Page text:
According to new information, leaders of Landsbanki Bank reviewed the economic situation in Iceland with Prime Minister Geir H. Haarde on September 29, presenting ideas on how to prevent the collapse of the banking system.
Allegedly, Björgólfur Thor Björgólfsson, one of Landsbanki’s owners, and the bank’s two CEOs, Halldór J. Kristjánsson and Sigurjón Árnason, met with Haarde in his ministry—shortly after the state had acquired a 75 percent stake in Glitnir Bank—to discuss a possible merger of Landsbanki, Glitnir and Straumur Investment Bank, Fréttabladid reports.
According to documents which were used in relation to the meeting and Fréttabladid business supplement Markadurinn has gained access to, the leaders of Landsbanki proposed a contribution of ISK 100 billion (USD 830 million, EUR 650 million) from the state—in addition to the more than ISK 90 billion which the state was prepared to pay for a 75 percent stake in Glitnir—so that the merger could take place and the state would instead hold a 37.3 percent governing stake in the new bank.
Although the leaders of Landsbanki realized that the amount they requested was high—65 percent of Iceland’s foreign currency reserves, almost one third of public income last year or 15 percent of gross domestic product (GDP)—according to written documents, they believed that “these percentages are nothing compared to the damage which Iceland will suffer in case of a collapse of the Icelandic banking system.”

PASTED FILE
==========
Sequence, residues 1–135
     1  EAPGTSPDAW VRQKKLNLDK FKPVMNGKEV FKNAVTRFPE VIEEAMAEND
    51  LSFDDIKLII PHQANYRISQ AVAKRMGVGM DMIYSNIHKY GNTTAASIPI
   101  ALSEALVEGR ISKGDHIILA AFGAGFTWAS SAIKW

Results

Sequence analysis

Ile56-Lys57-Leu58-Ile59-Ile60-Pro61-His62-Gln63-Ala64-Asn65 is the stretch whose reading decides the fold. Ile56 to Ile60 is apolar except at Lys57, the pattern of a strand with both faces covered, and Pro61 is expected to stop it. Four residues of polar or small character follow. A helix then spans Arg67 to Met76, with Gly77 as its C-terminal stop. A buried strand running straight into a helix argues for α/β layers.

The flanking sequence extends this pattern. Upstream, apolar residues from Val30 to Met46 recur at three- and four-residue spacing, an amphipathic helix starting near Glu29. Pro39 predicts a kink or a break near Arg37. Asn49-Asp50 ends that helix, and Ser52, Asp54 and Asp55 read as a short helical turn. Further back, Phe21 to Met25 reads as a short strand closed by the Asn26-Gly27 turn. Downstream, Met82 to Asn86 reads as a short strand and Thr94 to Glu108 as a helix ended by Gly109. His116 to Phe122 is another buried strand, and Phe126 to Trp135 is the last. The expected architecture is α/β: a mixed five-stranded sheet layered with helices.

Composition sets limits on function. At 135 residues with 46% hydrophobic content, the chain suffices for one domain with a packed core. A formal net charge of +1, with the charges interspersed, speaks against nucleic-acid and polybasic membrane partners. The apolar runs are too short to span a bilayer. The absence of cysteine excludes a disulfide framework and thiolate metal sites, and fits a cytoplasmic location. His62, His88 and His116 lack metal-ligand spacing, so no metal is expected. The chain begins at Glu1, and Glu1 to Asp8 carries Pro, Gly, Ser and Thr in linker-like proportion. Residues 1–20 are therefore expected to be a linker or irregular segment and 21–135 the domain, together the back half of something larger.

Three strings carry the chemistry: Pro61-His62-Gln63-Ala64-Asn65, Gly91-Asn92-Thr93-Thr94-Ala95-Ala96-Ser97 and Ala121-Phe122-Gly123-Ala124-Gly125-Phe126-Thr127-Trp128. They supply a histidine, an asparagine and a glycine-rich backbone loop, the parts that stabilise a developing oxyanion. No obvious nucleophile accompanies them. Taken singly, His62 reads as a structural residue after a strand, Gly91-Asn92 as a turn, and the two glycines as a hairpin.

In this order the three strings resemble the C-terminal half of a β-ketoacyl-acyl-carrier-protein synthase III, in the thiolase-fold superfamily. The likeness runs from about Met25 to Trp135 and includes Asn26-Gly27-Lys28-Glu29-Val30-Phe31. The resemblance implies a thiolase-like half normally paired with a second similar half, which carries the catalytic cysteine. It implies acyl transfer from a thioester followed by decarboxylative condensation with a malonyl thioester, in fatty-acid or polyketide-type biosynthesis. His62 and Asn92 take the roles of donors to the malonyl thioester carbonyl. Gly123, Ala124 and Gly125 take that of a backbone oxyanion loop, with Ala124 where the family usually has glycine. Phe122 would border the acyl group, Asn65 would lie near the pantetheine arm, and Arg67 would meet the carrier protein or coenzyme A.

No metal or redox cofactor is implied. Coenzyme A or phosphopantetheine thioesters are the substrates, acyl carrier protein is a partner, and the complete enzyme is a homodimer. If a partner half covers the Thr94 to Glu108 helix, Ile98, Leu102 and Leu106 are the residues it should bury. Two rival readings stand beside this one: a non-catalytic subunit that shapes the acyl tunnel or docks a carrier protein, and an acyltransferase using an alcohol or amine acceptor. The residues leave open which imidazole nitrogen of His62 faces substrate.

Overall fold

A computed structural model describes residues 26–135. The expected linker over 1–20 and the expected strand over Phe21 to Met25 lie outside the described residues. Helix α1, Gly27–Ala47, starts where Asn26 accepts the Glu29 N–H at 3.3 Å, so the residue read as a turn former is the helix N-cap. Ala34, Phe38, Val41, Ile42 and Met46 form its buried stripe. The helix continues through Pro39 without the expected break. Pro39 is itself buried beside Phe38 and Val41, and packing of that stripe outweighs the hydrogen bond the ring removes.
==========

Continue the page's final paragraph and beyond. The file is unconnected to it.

In response to these claims, Prime Minister Haarde told Fréttabladid yesterday, “I do not wish to comment on any of these items. I do not believe it is timely.” He added that it was “impossible” to claim that the government and the Central Bank had not been prepared to solve the problems of the banks in any way possible.
Fréttabladid reported on the meeting between the leaders of Landsbanki and the prime minister the following day, on September 30. At that time, Haarde said “nothing special” had been discussed during the meeting and that he had wanted to review the economic situation with Björgólfsson as he often did when the latter was in the country.